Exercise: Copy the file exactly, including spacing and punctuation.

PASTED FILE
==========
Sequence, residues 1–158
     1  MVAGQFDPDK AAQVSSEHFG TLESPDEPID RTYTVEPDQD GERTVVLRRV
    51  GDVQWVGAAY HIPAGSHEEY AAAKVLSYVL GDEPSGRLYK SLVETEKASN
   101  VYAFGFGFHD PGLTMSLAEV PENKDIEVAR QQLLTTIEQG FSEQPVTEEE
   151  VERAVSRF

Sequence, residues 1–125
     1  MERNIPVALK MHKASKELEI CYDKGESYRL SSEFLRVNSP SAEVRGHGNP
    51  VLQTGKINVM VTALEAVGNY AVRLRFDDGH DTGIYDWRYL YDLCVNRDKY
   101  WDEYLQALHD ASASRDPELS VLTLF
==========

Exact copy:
Sequence, residues 1–158
     1  MVAGQFDPDK AAQVSSEHFG TLESPDEPID RTYTVEPDQD GERTVVLRRV
    51  GDVQWVGAAY HIPAGSHEEY AAAKVLSYVL GDEPSGRLYK SLVETEKASN
   101  VYAFGFGFHD PGLTMSLAEV PENKDIEVAR QQLLTTIEQG FSEQPVTEEE
   151  VERAVSRF

Sequence, residues 1–125
     1  MERNIPVALK MHKASKELEI CYDKGESYRL SSEFLRVNSP SAEVRGHGNP
    51  VLQTGKINVM VTALEAVGNY AVRLRFDDGH DTGIYDWRYL YDLCVNRDKY
   101  WDEYLQALHD ASASRDPELS VLTLF